Let’s get down to Xuanwu’s bass in quantitative terms. Honestly, it’s not an earphone for bassheads, I understand that because the amount here really isn’t something “intense” for the ears… I think it is on the moderate side. Looking at the frequency response graph (FR), it seems to be a very “bassy” earphone, but in reality, it’s a “balanced” bass. Sub-bass and mid-bass I found to be in line, that is, with no audible difference between one region and another, both perform very well, with good presence. For me, there is no roll-off in the bass region, the extension is good.
In qualitative terms, the Xuanwu’s bass is clean, controlled, has good definition, good speed, doesn’t invade the midrange, isn’t disproportionate, isn’t bloated, isn’t boomy, isn’t muddy. The impact is audible and is of a dry, more “tight/contained” type. I believe that the implementation of the SPD driver has brought benefit to this bass region. The only point to be considered here is that the Xuanwu bass doesn’t deliver much texture, it seems that is something related to the SPD driver, the sound seems to be more outlined, and for other side, the Tin C3, which is a single DD IEM, can extract more texture, more vibration. I think that the Xuanwu’s bass will go better with acoustic instruments than electric, because I understand that it’s bass that needs more precision than physicality.
Xuanwu’s mids. Indeed it’s a very peaceful zone. Neither aggressive nor too distant. In fact, it tends more to the recess side (in my opinion). If you ask me if it is an IEM with very clear and transparent mids, I would say that it’s not the earphone with the best performance in this region that I have ever heard. Although it’s possible to hear everything that passes here without losing information. Possibly this is an IEM that can be good for people who feel fatigue in the upper midrange, because I thought it didn’t have much emphasis here. Hard Rock guitars, for example, are “softer” to hear.
The voices in Xuanwu. Here we have something interesting – which can be seen as something good or not so good – the voices were good for both styles, female/high and male/low, however, they also cannot excel in either type, that is, very low voices it can’t extract the greatest potential, as well as high voices it can’t either (in my opinion). So it does very well with voices in the middle of the range of vocal timbres, that is, baritone, tenor, alto and mezzo-soprano. A Djavan (brazilian singer) it will be very good.
Xuanwu’s treble in quantitative terms. I certainly didn’t think this treble region was high, but the IEM seems to have a peak that generates a certain increase in sound in some situations (more details in the next paragraph). Apart from the very few and rare situations in which the treble were more “lit”, the IEM manages to reproduce the treble in a moderate way, without causing fatigue. To better exemplify this question: you can listen to an entire album and the earphones don’t show this “peak” in the treble, but if, for example, you are listening to a playlist (various recordings), then yes, at some point you may come across an “alive” situation of an instrument playing.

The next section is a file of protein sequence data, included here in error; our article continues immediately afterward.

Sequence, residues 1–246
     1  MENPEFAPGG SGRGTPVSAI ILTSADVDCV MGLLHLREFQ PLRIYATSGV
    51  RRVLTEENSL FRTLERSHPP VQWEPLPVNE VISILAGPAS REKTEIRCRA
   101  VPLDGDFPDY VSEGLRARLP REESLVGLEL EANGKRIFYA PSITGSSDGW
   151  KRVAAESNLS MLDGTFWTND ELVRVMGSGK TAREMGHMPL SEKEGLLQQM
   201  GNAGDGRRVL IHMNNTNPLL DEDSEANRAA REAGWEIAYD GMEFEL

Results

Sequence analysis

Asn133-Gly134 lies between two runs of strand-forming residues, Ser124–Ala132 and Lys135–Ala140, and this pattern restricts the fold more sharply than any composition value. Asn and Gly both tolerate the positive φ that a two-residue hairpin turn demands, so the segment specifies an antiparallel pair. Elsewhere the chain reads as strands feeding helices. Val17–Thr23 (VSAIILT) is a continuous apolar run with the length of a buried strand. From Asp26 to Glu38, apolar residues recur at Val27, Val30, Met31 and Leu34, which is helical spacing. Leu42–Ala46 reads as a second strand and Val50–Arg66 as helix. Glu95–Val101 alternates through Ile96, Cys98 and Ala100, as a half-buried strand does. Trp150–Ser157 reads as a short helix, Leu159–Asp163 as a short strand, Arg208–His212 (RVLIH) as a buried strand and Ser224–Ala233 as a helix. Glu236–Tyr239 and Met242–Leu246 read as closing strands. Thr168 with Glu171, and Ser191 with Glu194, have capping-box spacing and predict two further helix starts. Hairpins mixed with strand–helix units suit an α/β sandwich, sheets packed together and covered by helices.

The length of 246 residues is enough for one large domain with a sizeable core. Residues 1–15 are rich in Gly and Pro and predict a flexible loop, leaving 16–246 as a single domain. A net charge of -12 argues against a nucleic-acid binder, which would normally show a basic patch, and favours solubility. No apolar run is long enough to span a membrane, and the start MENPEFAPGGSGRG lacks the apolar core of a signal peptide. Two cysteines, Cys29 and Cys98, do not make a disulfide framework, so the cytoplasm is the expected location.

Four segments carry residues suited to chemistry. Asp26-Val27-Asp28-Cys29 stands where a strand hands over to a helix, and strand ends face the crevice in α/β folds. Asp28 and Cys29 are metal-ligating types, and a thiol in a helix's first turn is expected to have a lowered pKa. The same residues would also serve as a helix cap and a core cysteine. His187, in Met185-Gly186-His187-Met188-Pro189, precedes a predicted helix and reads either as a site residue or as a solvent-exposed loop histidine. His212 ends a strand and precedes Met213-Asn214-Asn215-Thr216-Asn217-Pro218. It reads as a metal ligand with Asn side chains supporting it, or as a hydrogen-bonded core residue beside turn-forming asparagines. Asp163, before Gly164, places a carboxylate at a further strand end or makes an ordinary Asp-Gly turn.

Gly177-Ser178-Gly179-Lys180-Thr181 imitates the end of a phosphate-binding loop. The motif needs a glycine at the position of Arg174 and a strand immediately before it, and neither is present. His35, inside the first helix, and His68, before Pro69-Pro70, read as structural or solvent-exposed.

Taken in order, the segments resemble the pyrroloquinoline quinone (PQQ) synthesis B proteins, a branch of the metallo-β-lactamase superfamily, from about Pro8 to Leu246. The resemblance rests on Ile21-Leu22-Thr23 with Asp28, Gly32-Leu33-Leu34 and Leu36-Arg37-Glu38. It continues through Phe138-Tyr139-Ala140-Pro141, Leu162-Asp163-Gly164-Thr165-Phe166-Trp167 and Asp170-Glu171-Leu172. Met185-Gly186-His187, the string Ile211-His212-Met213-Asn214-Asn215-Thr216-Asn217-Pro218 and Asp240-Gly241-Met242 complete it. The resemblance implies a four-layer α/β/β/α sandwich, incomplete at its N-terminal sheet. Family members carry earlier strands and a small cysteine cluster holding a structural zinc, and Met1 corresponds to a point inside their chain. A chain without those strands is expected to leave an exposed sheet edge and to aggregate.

In qualitative terms, the treble of the Xuanwu are restrained, versatile, with an Ok/good extension. The detail is OK, but it doesn’t have a level of micro details (in my opinion). The feeling of airy I found low. Sparkle is moderate and coherent in most of cases. I didn’t feel harshness or stridency, neither sibilance in this IEM, even the songs that usually present these problems passed easily through Xuanwu. Now, there was a situation that generated something unwanted, which were grainy treble in “Le Douche” from the album VA – Soft House Lounge, right at the beginning of the song there is already a “micro excess”. So, for EDM, I feel already concerned to listen. For all other things that I heard, it didn’t generate any similar problems. Hi-hats didn’t sound harsh, triangles didn’t sound sharp, chime played without over-brightness, half-moon tambourine also passed without excess.
Soundstage. The soundstage feeling I thought was good. In fact, it doesn’t have much space, the good thing about it is that it has a nice depth, and width too, but in height I didn’t feel much opening, it’s like a earphone with a more “horizontal” sound. For example, cymbals you don’t feel like the sound is coming from the top down.
Imaging. The instrumental separation I thought was good. The earphone deliver a two-layer feel, it’s as if the vocals are closer to you and the other instruments are harmonizing behind you. True, the imaging isn’t something from another world, but the presentation isn’t congested, you can hear that there is a certain space between the instruments (remembering that this can also vary according to the recording and other processes during the music production).
DriverFlex test. The Xuanwu is an IEM with the SPD driver, and so far it has its differences in relation to the dynamic drivers (DD), but from what I’ve seen it’s not a kind of driver that has been showing driver flex noise issues. So when inserting the earphone in my ear canal, it didn’t show the driver flex noise.
Amplification. I used the Questyle M15 DAC/AMP dongle connected to my notebook to do this evaluation. The output used was the 3.5mm SE and the device with the selector in “Low” mode, that is, without gain. The volume used was the 40% level of the 100% available by the Windows volume scale. This IEM has the same configuration as the Celest Gumiho, and the difference is that at Gumiho I thought it could “scale up” with more amplification, whereas here at Xuanwu I didn’t see the need to use it with more powerful sources. I also tested it directly on my notebook board (Dell/Realtek) and I thought everything was normal, the bass was coming out without difficulty.
Music is subjective, so below is the list of some musical genres that I personally think that was better with this IEM. Remember that were only few genres and few artists tested. If I describe that one genre was better and the other don’t, it doesn’t mean that you can’t listen to your favorite music genre with this IEM and love it. So, here goes:
*Brazilian musical genres.
Not so much:
Graphs by IAN FANN: